There are dozens of reasons to say we’ve gone as far as we can go, just as there are dozens of reasons for getting off the bike. Many are valid. All of them get you to the same place: somewhere short of the goal. Perhaps the greatest challenge, whether on the bike or in our work, is the ever present doubt, second guessing, and fear of not accomplishing what you committed, publicly, to do.

That leaves one indispensable quality which is what Chefs Cycle and No Kid Hungry are all about: persistence. I always envision our No Kid Hungry team as walking on to the field just as everyone else who has tried but failed is walking off.  I think of Chefs Cycle going a distance that no one else thought could be accomplished, doing what Josh Wachs, our Chief Strategy Officer, insists upon in No Kid Hungry state campaigns: “getting all the way to done.”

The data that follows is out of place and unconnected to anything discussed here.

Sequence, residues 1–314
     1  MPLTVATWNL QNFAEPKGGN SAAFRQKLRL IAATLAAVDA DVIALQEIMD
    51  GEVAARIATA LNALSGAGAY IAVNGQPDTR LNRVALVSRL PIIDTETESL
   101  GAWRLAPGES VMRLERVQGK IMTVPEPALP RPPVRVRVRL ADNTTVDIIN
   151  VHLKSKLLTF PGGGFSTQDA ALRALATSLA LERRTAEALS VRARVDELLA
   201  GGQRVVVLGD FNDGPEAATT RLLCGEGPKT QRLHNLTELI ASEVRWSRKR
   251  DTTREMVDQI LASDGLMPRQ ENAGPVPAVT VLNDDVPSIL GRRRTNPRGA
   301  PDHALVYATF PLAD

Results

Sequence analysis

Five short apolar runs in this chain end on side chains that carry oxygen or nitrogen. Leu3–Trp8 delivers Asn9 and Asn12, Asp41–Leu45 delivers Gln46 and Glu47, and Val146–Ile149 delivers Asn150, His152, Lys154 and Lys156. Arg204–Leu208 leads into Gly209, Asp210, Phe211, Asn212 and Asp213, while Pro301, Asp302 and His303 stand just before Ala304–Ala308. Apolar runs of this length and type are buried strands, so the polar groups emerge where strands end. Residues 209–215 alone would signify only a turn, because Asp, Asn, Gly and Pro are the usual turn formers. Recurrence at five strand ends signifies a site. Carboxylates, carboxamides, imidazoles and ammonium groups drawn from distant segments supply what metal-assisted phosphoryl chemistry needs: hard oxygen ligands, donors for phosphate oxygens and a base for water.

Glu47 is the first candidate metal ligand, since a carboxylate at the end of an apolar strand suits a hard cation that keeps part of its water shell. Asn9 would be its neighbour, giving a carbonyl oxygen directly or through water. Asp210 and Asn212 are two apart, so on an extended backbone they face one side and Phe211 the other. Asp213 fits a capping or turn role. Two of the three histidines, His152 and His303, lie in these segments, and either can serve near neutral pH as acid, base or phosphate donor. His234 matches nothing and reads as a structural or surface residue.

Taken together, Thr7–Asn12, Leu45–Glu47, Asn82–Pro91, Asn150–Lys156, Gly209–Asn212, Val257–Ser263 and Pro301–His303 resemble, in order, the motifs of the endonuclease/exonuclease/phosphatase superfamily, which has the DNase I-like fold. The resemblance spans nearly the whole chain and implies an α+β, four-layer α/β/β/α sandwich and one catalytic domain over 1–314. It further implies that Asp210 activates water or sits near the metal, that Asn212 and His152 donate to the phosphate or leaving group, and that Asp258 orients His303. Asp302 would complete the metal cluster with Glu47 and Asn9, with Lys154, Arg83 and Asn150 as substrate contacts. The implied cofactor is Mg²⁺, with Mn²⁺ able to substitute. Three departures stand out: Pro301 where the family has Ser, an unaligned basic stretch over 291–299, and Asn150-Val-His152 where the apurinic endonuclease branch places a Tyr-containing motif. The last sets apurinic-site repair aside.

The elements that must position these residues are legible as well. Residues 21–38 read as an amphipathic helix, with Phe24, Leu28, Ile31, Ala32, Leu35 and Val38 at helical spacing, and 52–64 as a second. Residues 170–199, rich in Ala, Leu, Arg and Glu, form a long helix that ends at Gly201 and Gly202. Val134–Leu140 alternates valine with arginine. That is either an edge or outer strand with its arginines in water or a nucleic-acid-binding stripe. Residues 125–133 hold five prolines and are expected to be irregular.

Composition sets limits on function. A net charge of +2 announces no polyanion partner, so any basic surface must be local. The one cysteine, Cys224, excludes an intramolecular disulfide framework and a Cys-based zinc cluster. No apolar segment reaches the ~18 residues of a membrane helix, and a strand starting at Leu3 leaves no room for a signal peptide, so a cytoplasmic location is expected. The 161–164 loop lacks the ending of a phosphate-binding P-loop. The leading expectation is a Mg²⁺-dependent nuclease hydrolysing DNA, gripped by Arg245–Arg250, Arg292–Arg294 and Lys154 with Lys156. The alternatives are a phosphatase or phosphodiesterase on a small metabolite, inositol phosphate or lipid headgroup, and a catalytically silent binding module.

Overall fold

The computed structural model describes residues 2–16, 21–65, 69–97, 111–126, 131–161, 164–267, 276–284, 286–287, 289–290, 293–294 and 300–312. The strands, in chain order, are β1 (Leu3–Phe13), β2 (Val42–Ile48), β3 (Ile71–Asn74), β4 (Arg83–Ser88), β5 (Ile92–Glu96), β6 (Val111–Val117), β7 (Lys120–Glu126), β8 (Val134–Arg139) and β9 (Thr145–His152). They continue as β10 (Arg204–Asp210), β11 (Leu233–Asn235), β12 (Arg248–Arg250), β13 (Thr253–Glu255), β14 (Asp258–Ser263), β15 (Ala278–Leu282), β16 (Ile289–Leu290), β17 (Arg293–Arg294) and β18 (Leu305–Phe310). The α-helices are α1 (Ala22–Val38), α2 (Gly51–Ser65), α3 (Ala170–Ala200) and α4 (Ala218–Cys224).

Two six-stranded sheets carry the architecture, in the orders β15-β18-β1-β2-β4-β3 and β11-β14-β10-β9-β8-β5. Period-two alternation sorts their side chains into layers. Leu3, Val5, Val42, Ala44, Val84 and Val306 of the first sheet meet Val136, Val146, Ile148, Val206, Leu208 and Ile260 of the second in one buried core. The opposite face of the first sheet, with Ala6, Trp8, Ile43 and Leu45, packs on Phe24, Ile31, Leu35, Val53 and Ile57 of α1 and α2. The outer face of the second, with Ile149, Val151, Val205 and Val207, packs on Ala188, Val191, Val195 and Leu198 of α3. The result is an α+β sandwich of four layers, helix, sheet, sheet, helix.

Participating chefs are not only raising money but personifying the role of persistence in teaching, inspiring and leading. That’s what gives me confidence we will succeed in achieving No Kid Hungry.

Thursday, May 21, 2015

Bearing Witness to Deep Poverty and Inspirational Leaders in Arkansas

Some things are worth waiting for. Like the two days this week we spent in Arkansas.  It has been a high priority state for Share Our Strength’s No Kid Hungry campaign. The National Commission on Hunger made it the site of its first field visit and second field hearing.